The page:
In The Beginning: A New Folk Movement in the United States
Katharine Whiteside Taylor was a pioneer and nationally known consultant for the parent education cooperative movement in the United States. Ms. Taylor was contracted by the Seattle Public Schools in 1941 to develop parent cooperative playgroups in Washington State. Following are quotes about the development of cooperative groups for parents and children in the United States from her book PARENT COOPERATIVE NURSERY SCHOOLS, published by the Teacher College, Columbia University, 1954 (pp.3-4).
The first cooperative nursery school in the United States was started in 1916 by a group of twelve faculty wives at the University of Chicago who wanted to secure social education for their children, parent education for themselves and a little free time to volunteer for the Red Cross.
During the 1920’s, 1930’s and 1940’s cooperative nursery schools expanded to other states. Many coops were affiliated with higher education institutions and public schools such as Smith College in New York, University of California in Lost Angeles, Berkeley Public Schools in California and Seattle Public Schools.
It is significant that cooperatives are not limited to any one socio-economic level. True, in most localities the first groups started with college educated women (parents) of comfortable economic status. But once a good example was established, it was usually followed by parent groups of varying backgrounds and earning capacity.
Further evidence of the value of cooperatives in meeting the needs of both children and parents is the way they carried on and grew with changing leadership, both lay and professional. Their success has depended on the continual development of new leaders.
In her book Ms. Taylor estimated 500 parent cooperatives were operating in the United States in 1954. Katharine Whiteside Taylor (1897-1989) was inducted into the Cooperative Hall of Fame in 1996. She devoted her life to cooperation, education, children and peace.
The Parent Education Cooperative Model
The Parent Education Cooperative Model in Washington State is based on the format describe in Katharine Whiteside Taylor’s books. The enrolling parents operate and financially support a child development laboratory for their children. Since parents are responsible for the business and financial arrangements, they learn how to apply concepts of group development, group decision-making, and resource management.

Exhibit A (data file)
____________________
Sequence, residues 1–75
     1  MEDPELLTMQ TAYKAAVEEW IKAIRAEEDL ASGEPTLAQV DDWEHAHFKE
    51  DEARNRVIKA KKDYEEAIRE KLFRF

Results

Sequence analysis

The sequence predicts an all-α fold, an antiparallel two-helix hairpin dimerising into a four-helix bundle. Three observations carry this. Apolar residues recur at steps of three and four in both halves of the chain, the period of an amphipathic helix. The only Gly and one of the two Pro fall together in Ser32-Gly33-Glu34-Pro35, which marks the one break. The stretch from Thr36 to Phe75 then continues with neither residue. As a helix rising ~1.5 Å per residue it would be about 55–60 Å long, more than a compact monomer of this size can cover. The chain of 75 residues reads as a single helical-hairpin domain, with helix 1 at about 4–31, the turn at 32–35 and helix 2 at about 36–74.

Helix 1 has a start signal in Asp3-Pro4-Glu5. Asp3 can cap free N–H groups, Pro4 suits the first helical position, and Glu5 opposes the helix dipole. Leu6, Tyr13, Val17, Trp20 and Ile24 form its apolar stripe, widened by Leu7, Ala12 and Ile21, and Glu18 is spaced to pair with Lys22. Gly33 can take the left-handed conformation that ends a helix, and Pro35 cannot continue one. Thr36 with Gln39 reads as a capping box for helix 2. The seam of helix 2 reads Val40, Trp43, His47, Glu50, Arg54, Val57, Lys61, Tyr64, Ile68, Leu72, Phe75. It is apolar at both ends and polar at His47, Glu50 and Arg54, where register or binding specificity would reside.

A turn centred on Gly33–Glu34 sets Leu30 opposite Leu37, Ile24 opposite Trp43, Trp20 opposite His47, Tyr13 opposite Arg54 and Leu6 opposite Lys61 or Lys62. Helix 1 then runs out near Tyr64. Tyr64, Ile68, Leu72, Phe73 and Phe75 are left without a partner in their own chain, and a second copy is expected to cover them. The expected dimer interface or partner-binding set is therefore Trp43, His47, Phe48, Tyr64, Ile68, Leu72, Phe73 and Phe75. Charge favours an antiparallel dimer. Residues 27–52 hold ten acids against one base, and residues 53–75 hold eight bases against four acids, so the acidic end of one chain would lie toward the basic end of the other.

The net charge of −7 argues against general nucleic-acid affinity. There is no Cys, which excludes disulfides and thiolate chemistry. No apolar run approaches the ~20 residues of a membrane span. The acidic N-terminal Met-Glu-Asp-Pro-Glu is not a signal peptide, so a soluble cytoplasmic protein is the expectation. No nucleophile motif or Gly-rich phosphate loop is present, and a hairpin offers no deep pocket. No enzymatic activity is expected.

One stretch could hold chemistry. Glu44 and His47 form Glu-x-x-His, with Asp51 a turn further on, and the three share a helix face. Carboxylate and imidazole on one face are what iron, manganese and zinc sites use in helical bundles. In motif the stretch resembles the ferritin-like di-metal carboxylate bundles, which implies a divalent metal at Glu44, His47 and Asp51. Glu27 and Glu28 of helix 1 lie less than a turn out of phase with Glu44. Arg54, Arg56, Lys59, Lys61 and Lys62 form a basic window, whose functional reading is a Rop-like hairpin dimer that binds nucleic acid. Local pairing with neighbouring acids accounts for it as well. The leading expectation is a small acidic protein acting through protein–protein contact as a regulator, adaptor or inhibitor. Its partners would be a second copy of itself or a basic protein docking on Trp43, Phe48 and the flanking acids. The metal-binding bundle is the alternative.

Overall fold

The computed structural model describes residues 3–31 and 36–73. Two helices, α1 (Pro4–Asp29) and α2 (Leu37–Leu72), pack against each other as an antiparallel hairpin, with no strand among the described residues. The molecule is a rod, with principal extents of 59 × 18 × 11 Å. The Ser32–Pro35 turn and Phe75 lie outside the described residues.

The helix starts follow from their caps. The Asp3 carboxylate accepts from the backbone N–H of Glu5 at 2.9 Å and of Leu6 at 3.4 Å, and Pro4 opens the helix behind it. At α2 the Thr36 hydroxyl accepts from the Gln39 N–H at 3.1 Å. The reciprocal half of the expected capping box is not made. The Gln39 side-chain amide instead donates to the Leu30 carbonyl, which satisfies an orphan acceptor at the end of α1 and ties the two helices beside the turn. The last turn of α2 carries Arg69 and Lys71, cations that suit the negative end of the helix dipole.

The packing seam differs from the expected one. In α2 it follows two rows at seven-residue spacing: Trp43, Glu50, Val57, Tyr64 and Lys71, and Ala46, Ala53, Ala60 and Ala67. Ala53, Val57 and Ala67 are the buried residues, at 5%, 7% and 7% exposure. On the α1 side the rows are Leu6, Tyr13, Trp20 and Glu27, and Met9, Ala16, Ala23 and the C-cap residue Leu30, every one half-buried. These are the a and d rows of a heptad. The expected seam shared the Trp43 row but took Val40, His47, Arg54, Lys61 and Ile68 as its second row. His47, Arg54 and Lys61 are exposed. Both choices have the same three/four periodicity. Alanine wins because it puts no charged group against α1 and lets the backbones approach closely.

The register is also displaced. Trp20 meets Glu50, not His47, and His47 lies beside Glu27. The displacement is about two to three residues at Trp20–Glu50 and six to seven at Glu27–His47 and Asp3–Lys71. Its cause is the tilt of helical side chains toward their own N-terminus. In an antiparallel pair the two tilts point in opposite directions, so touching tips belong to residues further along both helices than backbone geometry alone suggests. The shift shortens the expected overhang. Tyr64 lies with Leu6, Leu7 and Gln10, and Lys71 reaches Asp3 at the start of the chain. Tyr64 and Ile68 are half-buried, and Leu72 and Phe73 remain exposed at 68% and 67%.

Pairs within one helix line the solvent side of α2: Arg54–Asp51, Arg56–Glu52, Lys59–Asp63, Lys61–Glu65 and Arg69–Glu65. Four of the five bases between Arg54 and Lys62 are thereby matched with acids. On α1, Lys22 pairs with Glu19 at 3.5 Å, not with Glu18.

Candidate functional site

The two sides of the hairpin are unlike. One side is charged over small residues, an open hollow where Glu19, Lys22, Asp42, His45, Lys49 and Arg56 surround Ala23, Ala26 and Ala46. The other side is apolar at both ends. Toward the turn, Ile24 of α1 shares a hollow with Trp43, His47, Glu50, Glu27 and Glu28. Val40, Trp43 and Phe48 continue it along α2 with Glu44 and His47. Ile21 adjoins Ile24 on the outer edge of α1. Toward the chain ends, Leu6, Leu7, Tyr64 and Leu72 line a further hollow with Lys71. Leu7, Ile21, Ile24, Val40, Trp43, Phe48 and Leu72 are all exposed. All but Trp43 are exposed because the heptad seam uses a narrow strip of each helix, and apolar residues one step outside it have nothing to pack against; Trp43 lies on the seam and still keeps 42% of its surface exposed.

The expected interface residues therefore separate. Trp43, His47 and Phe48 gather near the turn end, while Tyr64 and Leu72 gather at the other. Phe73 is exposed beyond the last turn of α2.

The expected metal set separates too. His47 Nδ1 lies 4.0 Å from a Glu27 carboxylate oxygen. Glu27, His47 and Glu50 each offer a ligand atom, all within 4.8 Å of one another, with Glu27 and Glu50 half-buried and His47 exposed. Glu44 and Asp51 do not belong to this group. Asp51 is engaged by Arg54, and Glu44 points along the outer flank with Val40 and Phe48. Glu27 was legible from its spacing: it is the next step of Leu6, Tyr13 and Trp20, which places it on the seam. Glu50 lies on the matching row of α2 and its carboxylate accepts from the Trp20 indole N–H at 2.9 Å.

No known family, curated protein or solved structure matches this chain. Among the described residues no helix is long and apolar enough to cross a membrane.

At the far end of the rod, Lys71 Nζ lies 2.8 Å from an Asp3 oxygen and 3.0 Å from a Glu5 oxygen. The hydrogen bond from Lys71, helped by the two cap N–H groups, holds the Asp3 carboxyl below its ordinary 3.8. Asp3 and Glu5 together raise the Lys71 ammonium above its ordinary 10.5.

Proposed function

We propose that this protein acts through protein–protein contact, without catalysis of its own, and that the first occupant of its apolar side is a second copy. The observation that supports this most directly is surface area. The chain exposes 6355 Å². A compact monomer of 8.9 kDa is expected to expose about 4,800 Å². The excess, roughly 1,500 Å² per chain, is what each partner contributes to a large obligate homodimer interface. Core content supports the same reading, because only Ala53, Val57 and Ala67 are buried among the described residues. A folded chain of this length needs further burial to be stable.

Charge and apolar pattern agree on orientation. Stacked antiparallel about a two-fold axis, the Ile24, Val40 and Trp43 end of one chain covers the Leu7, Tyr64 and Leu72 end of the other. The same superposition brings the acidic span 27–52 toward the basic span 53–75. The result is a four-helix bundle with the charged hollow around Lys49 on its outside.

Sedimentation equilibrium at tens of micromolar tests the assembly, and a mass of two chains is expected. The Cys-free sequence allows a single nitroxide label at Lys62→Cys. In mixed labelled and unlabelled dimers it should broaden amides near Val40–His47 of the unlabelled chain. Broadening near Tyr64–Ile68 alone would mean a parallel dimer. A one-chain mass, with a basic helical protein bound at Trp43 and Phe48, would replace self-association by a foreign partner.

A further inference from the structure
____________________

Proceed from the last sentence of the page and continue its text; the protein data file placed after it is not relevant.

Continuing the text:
The children’s program provides the experiential core for adult learning about early childhood education and child development. The parents also attend adult education classes to supplement the laboratory experience as teacher assistants and to explore a range of issues related to family relations and home management.
In the 1980’s and 1990’s this original model was adapted to include other parent child programs such as campus child care, and grant funded programs such as Head Start, Early Head Start and school district early childhood programs. These program variations still follow the cooperative model that include parent-child interactions and parent decision-making.
Organization of Parent Education Programs (OPEP)
OPEP is a professional organization of program coordinators employed in Washington state community and technical colleges. The leadership group has changed titles over the years: Consumer and Homemaking Education Coordinators in 1976; Organization of Parent Education Coordinators (OPEC) in 1983; Organization of Parent Education Programs (OPEP) in Washington Technical and Community Colleges in 1994.
The Coordinator’s group meets three times per year to share information, curriculum development and content, personnel training and interagency collaboration.